Cog Hill critics could have lasting impact
LEMONT, Ill. -- We like players to be honest, so those who have been outspoken about the Rees Jones redesign of Cog Hill should not be criticized for their criticism.
Golfers typically have their gripes about course design and course setup, and it varies from place to place. But since the longtime home of the BMW Championship (formerly Western Open) underwent a renovation in 2008, the comments have been harsh, leading many to wonder if the tournament will ever be back at this venue.
And in being so vocal, the players might be hurting the very place for which they otherwise hold so much regard.
Steve Stricker is not one to complain very often, and his opinion comes with a lot of weight.
But he clearly is not happy with the changes made by Jones, going so far as to express his sympathy for the Jemsek family that owns the four-course public complex in suburban Chicago.
"You know, it's just too bad," Stricker said. "I mean, they need to get their money back, I guess. It's too bad what happened here."
The problem with such comments, of course, is that they are likely to scare away the paying public. One of the reasons a golf course or club is interested in hosting such events is to call attention to their layouts. It helps drive business, whether it be daily fee players or those who might purchase memberships.
It's a long-held truth that the average golfer very much enjoys the challenge of playing the same courses where the pros play. But do they want to shell out in excess of $150 when they read or hear comments such as this:
"I've got to believe for the average golfer, it is very difficult," said Stricker, who felt sorry for his pro-am partners on Wednesday. "They're playing from way up [tees], and they're just living in those bunkers. It's almost too severe in spots."
Nobody seems to have an issue with the layout or its conditioning, which came under some scrutiny last year due to weather conditions. Stricker said the main problem is the greens, specifically their contour and how it is difficult to hit approach shots close.
Then, forced to play to the middle of the green because you can't hold it close to the pin, Stricker said you are then faced with "an up-the-hill, over-the-hill, down-to-a-pin location. And every green seems to have that, or a lot of greens seem to have that."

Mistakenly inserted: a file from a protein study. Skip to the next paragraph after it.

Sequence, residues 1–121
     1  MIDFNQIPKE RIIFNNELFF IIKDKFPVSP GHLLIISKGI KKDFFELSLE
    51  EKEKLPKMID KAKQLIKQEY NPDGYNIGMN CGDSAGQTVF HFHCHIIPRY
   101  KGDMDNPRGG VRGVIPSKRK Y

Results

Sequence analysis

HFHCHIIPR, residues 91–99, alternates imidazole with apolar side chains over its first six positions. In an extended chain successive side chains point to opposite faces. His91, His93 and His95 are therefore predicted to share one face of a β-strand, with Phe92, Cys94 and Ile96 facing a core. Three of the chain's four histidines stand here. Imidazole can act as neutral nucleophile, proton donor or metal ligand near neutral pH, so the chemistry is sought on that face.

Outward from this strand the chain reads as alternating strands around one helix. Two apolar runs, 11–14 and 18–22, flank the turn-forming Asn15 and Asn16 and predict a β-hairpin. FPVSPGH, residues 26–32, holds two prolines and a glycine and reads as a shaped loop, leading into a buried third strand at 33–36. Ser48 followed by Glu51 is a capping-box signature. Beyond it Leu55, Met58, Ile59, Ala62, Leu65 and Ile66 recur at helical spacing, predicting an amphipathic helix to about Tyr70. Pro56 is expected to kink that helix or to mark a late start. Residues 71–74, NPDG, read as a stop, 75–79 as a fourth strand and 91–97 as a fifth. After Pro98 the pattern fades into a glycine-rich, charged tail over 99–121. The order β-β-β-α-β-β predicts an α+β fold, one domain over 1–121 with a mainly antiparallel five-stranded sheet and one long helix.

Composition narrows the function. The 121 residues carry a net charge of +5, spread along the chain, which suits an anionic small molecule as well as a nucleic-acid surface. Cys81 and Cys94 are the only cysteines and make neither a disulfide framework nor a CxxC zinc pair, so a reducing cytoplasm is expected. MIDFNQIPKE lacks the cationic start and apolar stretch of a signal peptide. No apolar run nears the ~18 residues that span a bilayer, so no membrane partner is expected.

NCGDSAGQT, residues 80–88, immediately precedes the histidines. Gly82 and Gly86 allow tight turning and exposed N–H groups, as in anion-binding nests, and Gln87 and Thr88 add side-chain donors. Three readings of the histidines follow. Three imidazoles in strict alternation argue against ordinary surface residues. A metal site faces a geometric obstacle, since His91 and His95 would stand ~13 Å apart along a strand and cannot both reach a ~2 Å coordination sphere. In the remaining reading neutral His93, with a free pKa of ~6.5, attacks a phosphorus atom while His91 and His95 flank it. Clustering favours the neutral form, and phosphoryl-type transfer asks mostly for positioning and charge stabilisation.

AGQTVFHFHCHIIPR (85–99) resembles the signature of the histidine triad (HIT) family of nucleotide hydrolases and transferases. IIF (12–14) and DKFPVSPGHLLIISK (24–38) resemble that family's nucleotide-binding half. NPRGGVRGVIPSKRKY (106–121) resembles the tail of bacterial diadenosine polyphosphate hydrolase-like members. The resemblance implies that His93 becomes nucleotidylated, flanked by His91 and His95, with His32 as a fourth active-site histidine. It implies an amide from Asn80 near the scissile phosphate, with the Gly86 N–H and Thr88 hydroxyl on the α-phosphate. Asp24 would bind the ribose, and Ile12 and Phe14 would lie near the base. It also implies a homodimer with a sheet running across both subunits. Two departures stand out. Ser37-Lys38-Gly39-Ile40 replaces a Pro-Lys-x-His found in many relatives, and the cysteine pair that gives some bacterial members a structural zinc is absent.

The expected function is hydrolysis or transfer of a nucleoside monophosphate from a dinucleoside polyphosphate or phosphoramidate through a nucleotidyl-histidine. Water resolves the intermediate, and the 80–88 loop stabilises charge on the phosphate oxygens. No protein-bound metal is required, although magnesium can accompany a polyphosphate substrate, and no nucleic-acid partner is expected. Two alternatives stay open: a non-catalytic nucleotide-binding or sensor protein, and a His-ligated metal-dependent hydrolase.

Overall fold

Phil Mickelson was equally critical.
"A great golf course is a golf course that's challenging for the good player but playable for the average player," he said. "And I feel like this is the exact opposite. It's playable; it's fine for us. We don't have any problems with it. But the average guy just can't play it."
Mickelson has been a harsh critic of the redesign -- he's generally looked unfavorably on Jones' work -- and didn't shy away from the comments again this week.
"We all feel like the Jemsek family has done a lot for the game of golf, and this facility here provides great public golf for all players," Mickelson said. "I know we all wish that it had turned out differently. But there were a lot of other guys to choose from that probably could do the job, and maybe if they just start over, it could turn into something really special."
Start over? They spent $5 million in design and restoration fees, namely in hopes of landing a future U.S. Open. The 2017 Open, instead, went up the road to Erin Hills near Milwaukee.
Meanwhile, Cog Hill is in danger of being left altogether by the BMW Championship, which next year goes to Crooked Stick in Indianapolis and whose Chicago future is uncertain.
Rumblings have the tournament moving to another Chicago location in 2013. It is already scheduled to be played in Denver in 2014.
Bob Harig covers golf for ESPN.com. He can be reached at BobHarig@gmail.com.